BG school bus cameras catch people passing illegally

Students practice evacuation drills from buses in front of Kenwood Elementary.


BG Independent News


School buses in Bowling Green are now equipped with their own type of red-light cameras.

So far this school year, at least 19 vehicles have illegally passed Bowling Green City School buses stopped for picking up or dropping off children.

So the district is investing in cameras mounted on the bus exteriors to catch drivers illegally passing stopped buses.

Wednesday morning, Bowling Green City Schools Transportation Director Toby Snow stood outside Kenwood Elementary as the buses conducted annual emergency evacuation drills during National Bus Safety Week.

But Snow is aware that one of the biggest threats comes from other vehicles sharing the road with school buses.

About three years ago, the district put external cameras on three buses that were experiencing the most problems with red light runners.

But then the number of vehicles running past stopped buses jumped this year, Snow said. He reported 18 to the school board earlier this month. That number has since grown to 19.

“I just decided it’s a good thing to see from all of them,” Snow said of buying additional cameras.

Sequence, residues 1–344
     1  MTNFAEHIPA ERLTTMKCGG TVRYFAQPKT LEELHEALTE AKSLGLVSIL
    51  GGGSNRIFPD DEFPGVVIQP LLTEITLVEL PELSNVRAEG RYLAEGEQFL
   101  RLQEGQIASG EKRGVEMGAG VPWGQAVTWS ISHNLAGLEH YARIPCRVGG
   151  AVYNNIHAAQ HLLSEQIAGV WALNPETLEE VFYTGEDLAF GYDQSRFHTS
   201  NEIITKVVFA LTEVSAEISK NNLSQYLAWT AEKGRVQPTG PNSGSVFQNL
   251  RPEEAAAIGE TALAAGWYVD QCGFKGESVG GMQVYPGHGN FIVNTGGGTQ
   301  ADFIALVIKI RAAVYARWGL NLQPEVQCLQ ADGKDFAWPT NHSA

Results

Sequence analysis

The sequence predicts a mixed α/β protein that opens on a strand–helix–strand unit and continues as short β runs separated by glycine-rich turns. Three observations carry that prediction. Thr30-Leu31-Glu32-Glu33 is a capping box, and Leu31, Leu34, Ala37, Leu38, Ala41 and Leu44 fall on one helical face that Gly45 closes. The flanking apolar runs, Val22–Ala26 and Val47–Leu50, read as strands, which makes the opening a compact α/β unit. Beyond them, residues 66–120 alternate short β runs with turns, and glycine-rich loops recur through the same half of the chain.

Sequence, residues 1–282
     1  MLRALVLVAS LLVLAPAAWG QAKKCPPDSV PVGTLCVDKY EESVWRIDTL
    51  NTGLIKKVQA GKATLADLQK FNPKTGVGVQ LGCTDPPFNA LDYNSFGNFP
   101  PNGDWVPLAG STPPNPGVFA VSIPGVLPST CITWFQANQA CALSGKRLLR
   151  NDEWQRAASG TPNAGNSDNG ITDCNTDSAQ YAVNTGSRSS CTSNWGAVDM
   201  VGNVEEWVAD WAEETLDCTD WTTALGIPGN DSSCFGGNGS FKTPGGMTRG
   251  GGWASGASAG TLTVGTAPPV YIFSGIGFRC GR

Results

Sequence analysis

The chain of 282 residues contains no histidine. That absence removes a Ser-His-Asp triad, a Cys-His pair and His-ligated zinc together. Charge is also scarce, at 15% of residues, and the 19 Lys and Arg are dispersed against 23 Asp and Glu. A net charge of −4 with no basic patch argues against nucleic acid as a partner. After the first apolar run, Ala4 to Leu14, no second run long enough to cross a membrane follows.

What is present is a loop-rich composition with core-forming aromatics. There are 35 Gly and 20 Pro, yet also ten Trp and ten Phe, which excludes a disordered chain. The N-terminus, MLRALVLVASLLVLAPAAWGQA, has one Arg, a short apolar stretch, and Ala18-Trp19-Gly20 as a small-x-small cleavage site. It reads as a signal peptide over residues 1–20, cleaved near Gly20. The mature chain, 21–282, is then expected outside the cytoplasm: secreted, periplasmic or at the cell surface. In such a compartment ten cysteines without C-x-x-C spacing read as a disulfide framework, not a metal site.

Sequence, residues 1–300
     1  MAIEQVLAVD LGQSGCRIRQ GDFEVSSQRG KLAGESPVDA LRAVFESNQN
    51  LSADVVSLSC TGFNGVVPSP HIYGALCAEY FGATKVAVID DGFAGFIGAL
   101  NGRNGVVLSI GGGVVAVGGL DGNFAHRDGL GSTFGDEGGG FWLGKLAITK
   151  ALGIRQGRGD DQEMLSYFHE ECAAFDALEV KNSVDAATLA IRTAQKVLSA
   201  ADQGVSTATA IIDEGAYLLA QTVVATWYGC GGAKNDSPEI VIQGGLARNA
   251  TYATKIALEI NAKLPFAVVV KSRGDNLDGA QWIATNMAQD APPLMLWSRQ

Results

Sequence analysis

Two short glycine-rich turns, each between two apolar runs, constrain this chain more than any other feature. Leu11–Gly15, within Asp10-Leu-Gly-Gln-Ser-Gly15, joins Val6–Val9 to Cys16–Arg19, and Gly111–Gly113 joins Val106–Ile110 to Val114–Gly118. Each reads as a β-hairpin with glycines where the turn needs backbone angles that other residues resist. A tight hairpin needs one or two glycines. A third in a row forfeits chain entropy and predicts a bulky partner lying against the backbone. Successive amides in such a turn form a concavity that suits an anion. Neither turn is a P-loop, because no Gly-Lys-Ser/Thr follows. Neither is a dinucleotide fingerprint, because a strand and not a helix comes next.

So far, 11 buses are equipped with the cameras – which cost about $750 each. Seven more cameras are on order. The district has a total of 20 school buses that carry about 1,300 students to and from school each day.

The law requires drivers to stop for school buses when the red lights are on and the stop sign is extended on the side of the bus. Vehicles are required to stop at least 10 feet away from the bus.

The bus drivers put yellow lights on first to warn drivers that a bus stop is approaching.

If the bus is on a four-lane road, just the vehicles headed the same direction as the bus are required to stop.

Bus drivers are asked to identify the vehicle, license plate and give a description of the driver for vehicles passing them illegally. But that is asking too much for drivers who are also watching a busload of children, Snow said.

“It’s almost impossible,” he said.

So the cameras help do the job. They are mounted at an angle so they catch license plates of passing vehicles.

“We’ve had them catching them as fast as 50 mph,” Snow said. And they are able to capture license plates in daylight or darkness.

“The driver can now concentrate on the children,” he said.

Bowling Green is not alone having problems with drivers not stopping for buses. “It’s a nationwide issue.”

Earlier this year, an 8-year-old in Missouri was killed by a truck as she was crossing the road to get on her school bus.

“The safety of our kids, especially during drop-off and pick-up is important,” said Bowling Green Superintendent Francis Scruci.

The number of violations so far this year is troubling, Scruci said.

“It’s distressing. Fortunately, we haven’t had a tragedy.”

The bus cameras will help, Scruci said.

“It’s just an added resource to keep kids safe,” he said. “When a car or truck passes, we can at least report that to police.”

Scruci has heard the common complaints from motorists annoyed by the delay of bus stops.

“It’s the state law and you need to abide by it,” he said. “Just stop. It’s not that long – just 30 seconds. It’s not going to kill you.”